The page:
Ashe Juniper, Juniperus ashei, is also called mountain cedar. Ashe juniper provides an evergreen fragrance and nesting material for the Golden cheek warbler. Much of the woodlands of the Upper Medina River valley are Ashe Juniper.

Conservation and Threats

All Hill Country rivers are facing water quality degradation from municipal wastewater treatment plants and substandard septic systems. From 2007 to 2013, TRPA funded a contested case hearing with TCEQ to prevent the city of Castroville from dumping treated sewage into the Medina and to improve water treatment facilities at Castroville. The Medina River Protection Fund stages a river cleanup on the Medina River every first Saturday in May. Since 2001, an average of 200 persons have participated each year in the event (with the exception of 2020 and 2021, when it was canceled during the pandemic). 

The water quality is generally good throughout the Medina River basin and is best above the town of Bandera. The primary negative impacts on the river environment include: 

  • Serious algae mats cover the Medina River much of the time below the city’s sewage treatment plant, just below the crossing of SH 173 in downtown Bandera. Excessive nutrients make their way into the river which contribute to these explosions of algae growth. 
  • Outcroppings and spread of invasive Arundo Donax (aka Giant Reed) threatens to rearrange the river flow, and crowd out native species of flora and fauna. A program is underway by the Bandera County River Authority and Groundwater District, but eradication is slow and incomplete.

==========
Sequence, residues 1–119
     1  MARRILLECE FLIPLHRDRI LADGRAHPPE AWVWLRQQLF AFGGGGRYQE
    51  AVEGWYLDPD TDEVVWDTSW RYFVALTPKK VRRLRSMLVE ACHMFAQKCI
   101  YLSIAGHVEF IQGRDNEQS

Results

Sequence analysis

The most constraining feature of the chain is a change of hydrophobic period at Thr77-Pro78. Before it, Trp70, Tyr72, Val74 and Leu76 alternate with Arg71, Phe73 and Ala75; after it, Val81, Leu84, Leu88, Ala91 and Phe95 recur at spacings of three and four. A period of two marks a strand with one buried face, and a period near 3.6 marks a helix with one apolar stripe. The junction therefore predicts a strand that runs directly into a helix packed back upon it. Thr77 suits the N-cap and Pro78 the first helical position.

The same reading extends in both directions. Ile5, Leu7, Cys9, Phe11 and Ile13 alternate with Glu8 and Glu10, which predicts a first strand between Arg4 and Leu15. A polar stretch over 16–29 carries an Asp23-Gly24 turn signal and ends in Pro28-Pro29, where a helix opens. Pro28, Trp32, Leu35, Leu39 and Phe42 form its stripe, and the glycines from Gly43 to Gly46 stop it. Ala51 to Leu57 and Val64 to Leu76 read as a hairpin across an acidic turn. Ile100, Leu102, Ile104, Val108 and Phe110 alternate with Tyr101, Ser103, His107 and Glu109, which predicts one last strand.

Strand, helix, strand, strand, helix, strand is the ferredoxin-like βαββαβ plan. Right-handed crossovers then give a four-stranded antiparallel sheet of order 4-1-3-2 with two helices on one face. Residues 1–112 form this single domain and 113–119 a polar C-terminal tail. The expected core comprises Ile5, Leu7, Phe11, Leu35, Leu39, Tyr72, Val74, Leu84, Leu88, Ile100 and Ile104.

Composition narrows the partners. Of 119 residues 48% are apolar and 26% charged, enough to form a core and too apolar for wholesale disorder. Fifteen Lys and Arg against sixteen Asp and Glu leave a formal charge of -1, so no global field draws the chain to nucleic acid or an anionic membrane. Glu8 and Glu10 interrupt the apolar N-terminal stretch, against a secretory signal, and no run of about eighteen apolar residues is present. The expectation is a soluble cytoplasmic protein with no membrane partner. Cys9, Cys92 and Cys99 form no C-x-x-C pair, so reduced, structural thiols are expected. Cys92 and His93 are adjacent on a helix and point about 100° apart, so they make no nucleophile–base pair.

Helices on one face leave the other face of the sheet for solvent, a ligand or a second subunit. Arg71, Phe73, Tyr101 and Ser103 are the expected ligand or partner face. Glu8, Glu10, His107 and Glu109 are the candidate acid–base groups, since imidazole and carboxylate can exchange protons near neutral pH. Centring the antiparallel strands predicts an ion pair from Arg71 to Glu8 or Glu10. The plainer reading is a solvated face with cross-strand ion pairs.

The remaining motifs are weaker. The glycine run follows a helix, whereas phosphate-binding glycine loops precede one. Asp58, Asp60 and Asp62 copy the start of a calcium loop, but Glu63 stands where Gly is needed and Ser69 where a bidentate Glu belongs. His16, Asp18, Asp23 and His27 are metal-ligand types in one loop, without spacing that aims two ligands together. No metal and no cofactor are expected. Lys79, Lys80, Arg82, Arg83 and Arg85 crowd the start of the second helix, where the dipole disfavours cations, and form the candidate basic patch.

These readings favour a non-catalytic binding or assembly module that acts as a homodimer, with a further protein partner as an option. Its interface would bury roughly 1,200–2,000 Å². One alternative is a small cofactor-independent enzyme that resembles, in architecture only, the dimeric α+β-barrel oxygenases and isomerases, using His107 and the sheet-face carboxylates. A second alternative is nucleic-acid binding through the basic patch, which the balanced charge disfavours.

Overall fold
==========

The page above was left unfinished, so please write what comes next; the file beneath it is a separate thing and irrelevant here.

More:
• Unacceptable levels of E. Coli and other bacteria have been found in the Bandera City Park and swimming is not advised in the river near the Bandera City park dam.

Historical / Cultural Significance

Long before the first European set foot on the banks of what is now known as the Medina River,
indigenous people who had inhabited the area found the river to be a source of water and
food. Alonso De Leon, governor of the state of Coahuila, was mapping his route north through
the wilderness when he noted in his diary that he named the stream for Pedro Medina, a
Spanish engineer who provided the navigation tables for the exploration. It was shown as
running to the Gulf of Mexico and later used as the boundary between Tejas and Coahuila. The San
Antonio River was regarded as its tributary; although, that was reversed in later designations.

The Battle of Medina was fought southeast of San Antonio de Bejar on August 18, 1813, by the
Republican Army of the North, who were defeated in their effort to gain independence of
Mexico from Spain. Two decades later, after Mexico had won its independence, Antonio Lopez
de Santa Anna used the same spot on the river to gather his forces for the final approach to San
Antonio in the Battle of the Alamo.

The recurrence of floods along the river revived the idea of a more substantial dam in the box
canyon of the Medina. Alex Walton, who had visited the canyon in 1894, interested fellow
engineers, Frederick Stark Pearson and Clint Kearney to design and build a dam with canals to
carry water to farms along the lower Medina valley near Natalia. After raising the funding
here and abroad, construction was finished in a year’s time in 1912. That was the beginning of
Medina Lake. The river still experiences floods on occasion, as on August 2, 1978, when
unofficial rainfall total of 48 inches was reported along the river’s north prong in 24 hours,
taking 22 lives and causing millions of dollars of damage. Another 100-year flood in 2002 raised the lake ten feet above the dam’s spillway.


The Upper Medina provides crystal clear water and excellent kayak fishing for various Sunfishes, Largemouth Bass and Smallmouth Bass. The best access and-fly fishing on the Medina includes 28 miles of the North Prong from along FR-2701 North Prong Creek Road and good fly-fishing as well down to Bandera . An excellent guidebook is Fly-Fishing the Texas Hill Country, by Kevin Hutchison.

Additional Resources

Medina River photo by TRPA member Bob Brischetto